RECURRENT INFECTIONS bouts of meningitis are most frequently related to remote as well as to recent head trauma. The individual episodes are usually caused by the same bacterial species that are also-created with meningitis occurring in the absence of trauma. except that pneumococci of higher serologic types are isolated more commonly thanH. influenzae and Neisseria. Bouts of meningitis may be separated by an interval of several years.
Cerebrospinal fluid rhinorrhea owing to a defect in the cribriform plate is often associated with recurrent meningeal infection. All patients with repeated bouts of meningitis should be subjected to a vigorous search for. communication between the subarachnoid space and the nasopharynx, and if roentgenographic techniques fail to disclose the defect, craniotomy should be considered. Other situations predisposing to recurrent meningeal infections include chronic mastoiditis or Petros-is, congenital abnormalities of the cranial vault, and congenital dermoid sinus tracts.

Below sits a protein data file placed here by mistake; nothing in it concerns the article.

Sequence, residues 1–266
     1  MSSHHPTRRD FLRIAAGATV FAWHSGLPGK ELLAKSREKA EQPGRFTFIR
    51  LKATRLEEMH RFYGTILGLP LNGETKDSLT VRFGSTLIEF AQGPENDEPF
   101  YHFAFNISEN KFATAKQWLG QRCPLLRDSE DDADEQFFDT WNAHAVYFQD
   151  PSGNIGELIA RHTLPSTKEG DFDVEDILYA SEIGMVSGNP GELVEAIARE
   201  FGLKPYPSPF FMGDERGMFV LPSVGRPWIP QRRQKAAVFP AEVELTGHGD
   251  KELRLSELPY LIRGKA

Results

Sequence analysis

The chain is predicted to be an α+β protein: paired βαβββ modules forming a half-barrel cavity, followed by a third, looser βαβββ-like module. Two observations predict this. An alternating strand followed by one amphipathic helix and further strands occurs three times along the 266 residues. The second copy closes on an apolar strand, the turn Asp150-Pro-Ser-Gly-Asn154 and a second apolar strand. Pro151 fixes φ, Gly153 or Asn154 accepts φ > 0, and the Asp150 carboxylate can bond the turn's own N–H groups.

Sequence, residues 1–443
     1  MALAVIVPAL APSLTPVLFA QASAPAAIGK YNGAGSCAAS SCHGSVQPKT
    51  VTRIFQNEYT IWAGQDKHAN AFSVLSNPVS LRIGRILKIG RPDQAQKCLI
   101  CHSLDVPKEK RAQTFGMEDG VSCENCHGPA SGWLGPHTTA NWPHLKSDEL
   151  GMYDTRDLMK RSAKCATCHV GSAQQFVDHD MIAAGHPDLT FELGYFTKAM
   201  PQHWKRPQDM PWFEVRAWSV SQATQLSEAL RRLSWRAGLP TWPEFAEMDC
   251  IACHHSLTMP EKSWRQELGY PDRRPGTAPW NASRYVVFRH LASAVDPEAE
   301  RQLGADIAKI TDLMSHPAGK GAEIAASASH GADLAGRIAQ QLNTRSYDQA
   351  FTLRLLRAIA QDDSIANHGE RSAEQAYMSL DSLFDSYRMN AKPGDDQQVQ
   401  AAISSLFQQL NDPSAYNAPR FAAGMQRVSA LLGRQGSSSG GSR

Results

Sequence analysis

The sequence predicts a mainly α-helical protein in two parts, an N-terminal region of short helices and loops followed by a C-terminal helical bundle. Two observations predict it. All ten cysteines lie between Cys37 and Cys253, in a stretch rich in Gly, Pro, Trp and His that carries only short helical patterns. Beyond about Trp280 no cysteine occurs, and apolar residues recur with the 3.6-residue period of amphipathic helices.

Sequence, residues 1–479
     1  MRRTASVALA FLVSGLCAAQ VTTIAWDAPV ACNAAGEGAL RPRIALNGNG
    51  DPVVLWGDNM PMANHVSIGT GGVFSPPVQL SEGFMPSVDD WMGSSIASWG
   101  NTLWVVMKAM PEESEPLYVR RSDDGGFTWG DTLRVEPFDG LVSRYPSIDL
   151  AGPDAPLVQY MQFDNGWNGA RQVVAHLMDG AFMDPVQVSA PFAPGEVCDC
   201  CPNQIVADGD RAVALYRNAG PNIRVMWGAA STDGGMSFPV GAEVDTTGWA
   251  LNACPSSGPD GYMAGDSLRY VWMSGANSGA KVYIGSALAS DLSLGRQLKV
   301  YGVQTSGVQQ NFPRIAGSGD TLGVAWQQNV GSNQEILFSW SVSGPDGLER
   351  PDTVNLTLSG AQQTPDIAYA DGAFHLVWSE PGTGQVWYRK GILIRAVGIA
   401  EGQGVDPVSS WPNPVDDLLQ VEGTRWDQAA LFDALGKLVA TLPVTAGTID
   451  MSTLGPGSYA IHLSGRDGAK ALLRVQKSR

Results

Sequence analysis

Ventricular mastoid shunts aimed at relief of hydrocephalus are also complicated by recurrent infections, which are often heralded by otitis media. Recurrent bouts of meningitis have been reported in children who have undergone splenectomy; this does not appear to be true of adults. Nor is there evidence that the incidence of meningitis is increased in children with hypo- or dysgamma insulinemia.
INFECTIONS WITH MULTIPLE ORGANISMS
Meningitis caused by two or more organisms occasionally occurs in infants, young children and neonates, who may develop brain abscesses following surgery or birth trauma. H. influenzae is usually one of the organisms and has been found in conjunction with N. meningitides, D. pneumoniae, group A Streptococcus and E. coli. In adults infections with multiple organisms most commonly follow rupture of a brain abscess into the subarachnoid space, and streptococci, staphylococci, and gram-negative enteric pathogens may all be isolated from the same specimen of cerebrospinal fluid.